While there are many strains of Buddhism today, all subscribe to the teachings of Siddhartha Gautama (~563 – 483 B.C.E.), the Buddha who taught that the mind – human consciousness – is the most powerful organ of all, and that when our minds completely overpower our bodies we can access ultimate reality. For Buddhists, detachment from the physical world is an essential skill for achieving nirvana. Detachment means that physical experiences are denied the power to control our lives.

Judaism generally favors full engagement with the physical world and sees the capacity for physical sensation as a blessing from God, even if it can lead us in the wrong direction. The Rabbis even tell us that if we don’t enjoy the pleasures of life, we will be held to account in olam haba, the world-to-come, for foregoing God’s gifts. Moreover, Yoma 69b records that once the Rabbis captured the Yetzer Ra and imprisoned it in a barrel for three days. During that time, no one worked and even chickens stopped laying eggs. The Rabbis conclude that without the impetus of the Yetzer Ra, “no man would build a house or marry a wife” and no constructive work would be done.

Yet our minds are meant to be mediators and gatekeepers in control of our bodies’ responses to the physical world. When we need strength, we can draw on God through prayer, study, and meditation. But whence the God we draw on, but deep within ourselves, the divine spark burning in our souls, at the core of our minds?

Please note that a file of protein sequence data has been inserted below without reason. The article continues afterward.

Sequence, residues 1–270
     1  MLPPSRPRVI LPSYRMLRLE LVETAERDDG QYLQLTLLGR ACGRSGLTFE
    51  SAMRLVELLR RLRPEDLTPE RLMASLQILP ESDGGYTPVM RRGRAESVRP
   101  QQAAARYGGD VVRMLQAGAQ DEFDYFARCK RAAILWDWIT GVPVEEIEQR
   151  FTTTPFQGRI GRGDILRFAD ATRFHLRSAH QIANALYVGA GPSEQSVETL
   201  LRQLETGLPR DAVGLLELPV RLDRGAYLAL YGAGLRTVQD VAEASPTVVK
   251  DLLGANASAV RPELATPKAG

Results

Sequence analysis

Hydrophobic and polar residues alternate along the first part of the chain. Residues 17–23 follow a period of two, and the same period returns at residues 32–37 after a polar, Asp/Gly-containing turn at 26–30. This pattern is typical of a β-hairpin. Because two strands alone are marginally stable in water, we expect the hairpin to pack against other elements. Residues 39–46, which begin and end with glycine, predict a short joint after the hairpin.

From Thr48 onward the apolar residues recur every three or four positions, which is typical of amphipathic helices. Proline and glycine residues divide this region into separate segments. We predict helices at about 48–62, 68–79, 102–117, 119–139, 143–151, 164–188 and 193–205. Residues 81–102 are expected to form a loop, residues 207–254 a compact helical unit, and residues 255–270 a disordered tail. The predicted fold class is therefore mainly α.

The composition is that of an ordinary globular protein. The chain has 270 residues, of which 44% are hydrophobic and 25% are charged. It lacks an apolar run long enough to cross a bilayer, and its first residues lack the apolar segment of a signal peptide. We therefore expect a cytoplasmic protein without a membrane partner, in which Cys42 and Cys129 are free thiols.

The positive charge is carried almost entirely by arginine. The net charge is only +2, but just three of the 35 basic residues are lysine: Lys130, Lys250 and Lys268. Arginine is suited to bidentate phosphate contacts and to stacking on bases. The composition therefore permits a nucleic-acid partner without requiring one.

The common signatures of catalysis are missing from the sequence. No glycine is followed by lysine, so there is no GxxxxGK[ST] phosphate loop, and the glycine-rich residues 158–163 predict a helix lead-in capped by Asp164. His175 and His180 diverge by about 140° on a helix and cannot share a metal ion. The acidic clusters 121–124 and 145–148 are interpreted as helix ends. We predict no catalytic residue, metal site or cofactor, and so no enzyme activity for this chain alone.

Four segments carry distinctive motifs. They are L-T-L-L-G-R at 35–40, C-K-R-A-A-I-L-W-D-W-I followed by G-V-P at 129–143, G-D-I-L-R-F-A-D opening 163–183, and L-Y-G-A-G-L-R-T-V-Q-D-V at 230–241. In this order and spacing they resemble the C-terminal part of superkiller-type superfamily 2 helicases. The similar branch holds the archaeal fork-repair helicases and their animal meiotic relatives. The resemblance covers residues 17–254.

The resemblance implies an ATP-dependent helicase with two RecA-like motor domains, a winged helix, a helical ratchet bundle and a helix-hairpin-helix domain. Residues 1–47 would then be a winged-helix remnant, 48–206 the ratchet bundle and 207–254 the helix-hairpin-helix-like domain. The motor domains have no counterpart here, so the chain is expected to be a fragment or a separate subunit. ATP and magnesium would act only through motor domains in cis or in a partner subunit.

For Buddhists, the goal is to detach from the physical universe and sever its control over us, to overcome desire and achieve release from the narrow confine of self-interest that torments us endlessly. For Jews, in contrast, the goal is to channel desire constructively and achieve righteousness in this physical world, whose value we affirm and whose beauty we celebrate. Samson and Absalom failed, but Miriam and Joseph succeeded gloriously.

© Rabbi Amy Scheinerman

Tuesday, December 8, 2009


The sages have a problem. Samson, the classic bad boy, is on a Divine mission. How can they reconcile his bad behavior with his holy work?

Even before he is conceived the Tanakh informs us that Samson will “be the first to deliver Israel from the Philistines.” (Judges 13:5) Throughout his life he receives guidance from God. As a youth “the spirit of the Lord began to move him in the camp of Dan.” (Judges 13:25) When he goes down to Timneh and sees a certain Philistine woman, who he asks his father to get for him as a wife, that too comes from God, as we are told, “His father and mother did not realize that this was the Lord’s doing.” (Judges 14:4) Even later in his career, after he slaughters 1,000 Philistines with the jawbone of an ass, Samson calls upon God to give him water, and God responds. (Judges 15:19) For 20 years Samson served as a judge, and it seems he had clear a divine endorsement.

The chronicles of Samson are recorded in Judges 13-16. They begin with a lovely, mystical oracle – an angel coming to tell Manoach and his wife that they will finally bear a child, although all earlier attempts failed. But very quickly we see Samson emerge as the proverbial wild child. Among his exploits:

  • He takes a Philistine wife, as a pretext for attacking the Philistines;
  • He tears a lion to pieces;
  • He takes several other Philistine women;